(Australian Associated Press)
Shares on the ASX have closed higher for a ninth consecutive month, the best winning run since 2007.
The ASX200 for June closed higher by 2.11 per cent following a tame final trading day of the financial year.
The market, helped by record low rates and pandemic stimulus, is poised to equal the winning run of 10 months set in 2006 and 2007.
The benchmark S&P/ASX200 index on Wednesday closed up by 11.8 points, or 0.16 per cent, to 7313.
The All Ordinaries closed higher by 19.5 points, or 0.26 per cent, to 7585.
The market remains close to record highs (set earlier this month) and Pepperstone chief market strategist Chris Weston said while some expected a plunge, it was yet to happen.
“Valuations are stretched and people are asking have we had peak earnings, but we keep grinding higher,” he said of the indices.
“Everyone is expecting the market to fall or bonds to fall, but no one is prepared to put those trades on.
“I wouldn’t be surprised if we saw a five per cent move lower, but you need a trigger.”
The trigger may come from the Reserve Bank meeting next month.
The RBA has flagged it intends to make a decision on its three-year bond target and quantitative easing (bond buying) program at the July 6 board meeting.
The RBA targets the three-year government bond on financial markets to ensure its yield, or interest rate, remains at 0.1 per cent and in line with the cash rate.
A shift from the April 2024 bond to the November 2024 bond would suggest the RBA does not expect to lift interest rates until closer to 2025.
The US Federal Reserve’s annual Jackson Hole policy symposium in August could prove another trigger.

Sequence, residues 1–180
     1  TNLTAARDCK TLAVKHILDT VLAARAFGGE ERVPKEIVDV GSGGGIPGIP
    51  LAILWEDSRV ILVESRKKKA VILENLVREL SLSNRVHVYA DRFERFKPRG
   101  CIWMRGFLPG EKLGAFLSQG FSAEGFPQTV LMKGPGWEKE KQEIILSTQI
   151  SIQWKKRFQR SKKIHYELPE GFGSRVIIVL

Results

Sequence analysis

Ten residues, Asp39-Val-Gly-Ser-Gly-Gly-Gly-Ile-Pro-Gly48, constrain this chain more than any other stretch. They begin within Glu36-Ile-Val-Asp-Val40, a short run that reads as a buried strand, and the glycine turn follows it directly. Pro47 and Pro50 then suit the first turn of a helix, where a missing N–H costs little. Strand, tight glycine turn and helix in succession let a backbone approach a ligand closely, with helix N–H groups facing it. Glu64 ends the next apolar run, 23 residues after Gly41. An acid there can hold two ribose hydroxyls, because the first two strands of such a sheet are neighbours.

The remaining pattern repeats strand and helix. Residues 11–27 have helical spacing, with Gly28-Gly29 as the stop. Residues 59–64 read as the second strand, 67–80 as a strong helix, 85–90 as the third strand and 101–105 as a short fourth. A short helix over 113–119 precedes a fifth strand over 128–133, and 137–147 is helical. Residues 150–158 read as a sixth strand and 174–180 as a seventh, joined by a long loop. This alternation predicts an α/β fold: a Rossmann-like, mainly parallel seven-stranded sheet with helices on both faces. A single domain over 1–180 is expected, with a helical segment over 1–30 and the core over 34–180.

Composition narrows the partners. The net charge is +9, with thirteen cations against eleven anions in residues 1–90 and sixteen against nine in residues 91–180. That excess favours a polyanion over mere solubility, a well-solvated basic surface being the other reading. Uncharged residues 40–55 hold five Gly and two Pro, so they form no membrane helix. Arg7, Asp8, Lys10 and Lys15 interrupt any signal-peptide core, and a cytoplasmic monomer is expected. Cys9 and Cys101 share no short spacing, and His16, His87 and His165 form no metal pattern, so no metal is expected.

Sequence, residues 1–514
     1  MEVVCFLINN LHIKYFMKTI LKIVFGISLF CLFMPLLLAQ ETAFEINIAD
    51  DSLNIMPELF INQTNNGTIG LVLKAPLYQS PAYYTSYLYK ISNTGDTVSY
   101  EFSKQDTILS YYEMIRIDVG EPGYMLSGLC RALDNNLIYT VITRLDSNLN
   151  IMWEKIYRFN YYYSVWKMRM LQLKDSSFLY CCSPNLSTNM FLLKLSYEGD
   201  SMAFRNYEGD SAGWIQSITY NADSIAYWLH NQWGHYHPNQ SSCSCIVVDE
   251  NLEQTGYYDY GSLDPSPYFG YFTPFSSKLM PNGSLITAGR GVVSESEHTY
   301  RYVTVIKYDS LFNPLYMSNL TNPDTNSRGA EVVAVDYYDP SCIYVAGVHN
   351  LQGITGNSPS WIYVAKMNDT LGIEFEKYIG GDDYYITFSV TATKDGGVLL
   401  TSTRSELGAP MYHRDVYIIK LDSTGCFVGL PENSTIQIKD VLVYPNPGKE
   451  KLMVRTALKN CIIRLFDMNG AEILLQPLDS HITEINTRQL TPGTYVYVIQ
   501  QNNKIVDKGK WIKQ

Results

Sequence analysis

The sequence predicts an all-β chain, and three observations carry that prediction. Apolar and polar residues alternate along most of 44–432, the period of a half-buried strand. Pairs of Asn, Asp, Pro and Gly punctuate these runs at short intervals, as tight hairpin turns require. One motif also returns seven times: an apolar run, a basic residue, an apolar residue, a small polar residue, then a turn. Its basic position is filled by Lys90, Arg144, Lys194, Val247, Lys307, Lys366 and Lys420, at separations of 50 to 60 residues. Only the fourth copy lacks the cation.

Central bank officials this month brought forward estimates of rate rises.
Investors will want to know when the bank might start winding up the economic stimulus which has helped inflation climb.
On the ASX, telecommunications shares proved best (up 2.66 per cent) after Telstra sold almost half of its mobile towers business for close to $3 billion.
The telco sold InfraCo Towers, which has 8200 towers, to Australia’s Future Fund, and retirement funds Commonwealth Superannuation Corp and Sunsuper.
Shareholders will be winners. About 50 per cent of the $2.8 billion proceeds to be returned via a possible share buyback.
Shares were up 4.44 per cent to $3.76.
Data analytics provider Nuix revealed corporate watchdog ASIC is investigating former chief financial officer Stephen Doyle and family members.
ASIC is also investigating how the company’s initial public offer last year was conducted.
Nuix has been rocked by allegations of poor governance since listing.
Shares closed down 12.99 per cent to $2.21.
Energy provider AGL confirmed it will demerge its coal-fired power stations business and cleaner energy operations.
AGL will become Accel Energy and try and redevelop the coal and gas-fired power stations for battery power.
AGL Australia will offer consumers electricity, gas, internet and mobile services.
Shares were down 9.99 per cent to $8.20.
Materials shares were the next best industry category after telecommunications. Materials rose 0.79 per cent.
Rio Tinto was the best of the big miners and gained 1.31 per cent to $126.64.
In banking, NAB was best of the big four and rose 0.42 per cent to $26.22.
Its peers in the group closed lower by less than one per cent.
The Australian dollar was buying 75.16 US cents at 1728 AEST, lower from 75.63 US cents at Tuesday’s close.
ON THE ASX
* The benchmark S&P/ASX200 index closed up by 11.8 points, or 0.16 per cent, to 7313 on Wednesday.
* The All Ordinaries closed higher by 19.5 points, or 0.26 per cent, to 7585.
* At 1728 AEST, the SPI200 futures index was flat to 7223.
One Australian dollar buys:
* 75.16 US cents, from 75.63 cents on Tuesday
* 83.07 Japanese yen, from 83.51 yen
* 63.18 Euro cents, from 63.37 cents
* 54.36 British pence, from 54.46 pence
* 107.49 NZ cents, from 107.60 cents.